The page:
How to Start a Career in Travel Nursing

A Guide to Locum Tenens for CRNPs & Nurse Practitioners

Travel nursing is a fantastic career option for registered nurses who want to experience different healthcare settings and locations nationwide. This career can also offer excellent pay and a great deal of flexibility. However, before you start your journey as a travel nurse, it’s important to understand how to get started. You’ll need a license to work as a nurse, and most staffing agencies help you obtain one before you take on an assignment.

Getting Started

Travel nursing is a flexible, rewarding career option for nurses. It’s also a great way to build your resume and gain experience in different nursing specialties.

Travel nurses get hired by healthcare staffing companies to work temporary assignments at hospitals and facilities across the country. The typical assignment lasts 13 weeks but can range from 8 to 26 weeks.

Once you’ve found a travel nursing recruiter you’re comfortable working with, you need to provide them with your resume, references, and pictures of your certifications. They’ll use these documents to start submitting you to assignments.

It’s important to find a recruiter who focuses on your goals and is dedicated to finding assignments that fit your schedule. You don’t want to end up with a travel nurse who submits you to assignments you don’t want or doesn’t take the time to understand what you’re looking for in an assignment.

Finding a Placement

Once you’ve determined that you want to pursue travel nursing as a career, it’s time to find a placement. There are several ways to do this, including networking with your colleagues and attending nursing conferences.

You can also use lead generation websites and colleague referrals. These can help you connect with travel agencies that are experts in your desired locations.

However, it’s important to remember that you shouldn’t limit your search to places that are desirable or offer the highest pay. Other factors to consider when deciding where to work include house affordability and the overall cost of living.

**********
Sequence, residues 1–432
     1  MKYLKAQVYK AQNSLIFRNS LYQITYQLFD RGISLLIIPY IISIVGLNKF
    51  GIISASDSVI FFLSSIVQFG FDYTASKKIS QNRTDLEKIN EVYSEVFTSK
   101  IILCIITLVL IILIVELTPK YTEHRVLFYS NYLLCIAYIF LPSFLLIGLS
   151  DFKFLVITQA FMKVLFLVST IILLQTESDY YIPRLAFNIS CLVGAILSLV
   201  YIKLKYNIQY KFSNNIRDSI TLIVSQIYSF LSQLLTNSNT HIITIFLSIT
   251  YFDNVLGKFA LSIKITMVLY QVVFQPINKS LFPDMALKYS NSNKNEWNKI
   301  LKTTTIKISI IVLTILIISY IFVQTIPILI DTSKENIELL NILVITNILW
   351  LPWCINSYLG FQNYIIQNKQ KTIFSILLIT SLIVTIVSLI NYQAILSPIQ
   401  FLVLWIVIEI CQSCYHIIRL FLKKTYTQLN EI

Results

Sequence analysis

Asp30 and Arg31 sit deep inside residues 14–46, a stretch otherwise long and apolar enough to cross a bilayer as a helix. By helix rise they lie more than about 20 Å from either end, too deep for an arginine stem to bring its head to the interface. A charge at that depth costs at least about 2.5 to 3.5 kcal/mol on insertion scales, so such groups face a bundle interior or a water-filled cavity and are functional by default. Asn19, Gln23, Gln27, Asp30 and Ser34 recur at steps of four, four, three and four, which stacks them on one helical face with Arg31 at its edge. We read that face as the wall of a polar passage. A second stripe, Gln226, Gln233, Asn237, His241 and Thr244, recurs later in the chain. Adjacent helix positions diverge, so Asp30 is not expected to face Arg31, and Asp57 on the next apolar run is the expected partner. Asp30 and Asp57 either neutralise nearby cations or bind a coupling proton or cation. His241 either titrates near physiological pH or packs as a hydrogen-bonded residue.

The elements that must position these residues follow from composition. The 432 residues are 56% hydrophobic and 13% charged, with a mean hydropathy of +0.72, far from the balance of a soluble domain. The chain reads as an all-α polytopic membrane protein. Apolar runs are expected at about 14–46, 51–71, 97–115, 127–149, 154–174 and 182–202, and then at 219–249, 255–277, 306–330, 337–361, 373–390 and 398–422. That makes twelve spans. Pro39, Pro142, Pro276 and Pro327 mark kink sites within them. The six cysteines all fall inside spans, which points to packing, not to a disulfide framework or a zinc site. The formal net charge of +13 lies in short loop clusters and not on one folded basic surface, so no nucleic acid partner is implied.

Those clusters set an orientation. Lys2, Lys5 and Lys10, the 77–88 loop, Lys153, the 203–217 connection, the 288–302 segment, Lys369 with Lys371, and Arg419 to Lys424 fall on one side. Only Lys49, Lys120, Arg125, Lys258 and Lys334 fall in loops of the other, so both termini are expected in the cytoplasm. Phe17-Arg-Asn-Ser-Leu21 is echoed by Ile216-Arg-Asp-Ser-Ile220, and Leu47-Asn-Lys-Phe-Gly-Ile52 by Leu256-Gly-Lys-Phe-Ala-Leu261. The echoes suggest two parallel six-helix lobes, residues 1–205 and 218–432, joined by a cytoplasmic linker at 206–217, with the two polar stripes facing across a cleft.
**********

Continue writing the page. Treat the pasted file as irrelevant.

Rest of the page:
It would help if you also talked with a recruiter about hospitals known for their reputations, career advancement opportunities, and perks. These assignments will look great on your resume and provide valuable experience that can open many doors in your future nursing career.

Getting Paid

A few factors impact the pay you’ll receive in travel nursing. Location, specialty, and your agency’s pay package all contribute to the total amount you’ll make.

One way to increase your pay is by studying for and obtaining certifications in a specific medical specialty. Specialties such as neonatal intensive care and operating room nursing often pay more than others.

You can also increase your pay by negotiating a flexible pay package. These packages offer various stipends such as housing, meals, and incidentals that don’t create taxable income.

The benefit is that you can take the stipend and save it for your next assignment or future expenses.

In addition, some agencies will pay you a bonus for referring other nurses to their agency. This can range from $100 to over $2,000. It’s important to note that these bonuses are usually a part of the agency’s overall budget and should not affect your pay package.


When you start a career in travel nursing, you can expect major changes to your tax situation. This is because you will likely be working in different states with many employers and bringing in a mix of taxable and non-taxable income.

First, you must determine your tax home, which is the state where you are primarily employed. This is important because travel nurses often work in more than one state and are potentially subject to double taxation in a year based on their income from each assignment.

You will also want to save all your receipts, including dining, fuel, and utilities. You can use a free mobile app to help you keep track of these costs or simply write them down on paper.

In addition, travel nurses can take advantage of tax deductions for short-term housing and vehicle expenses. These may include rent, utilities, food, insurance, gas, and maintenance.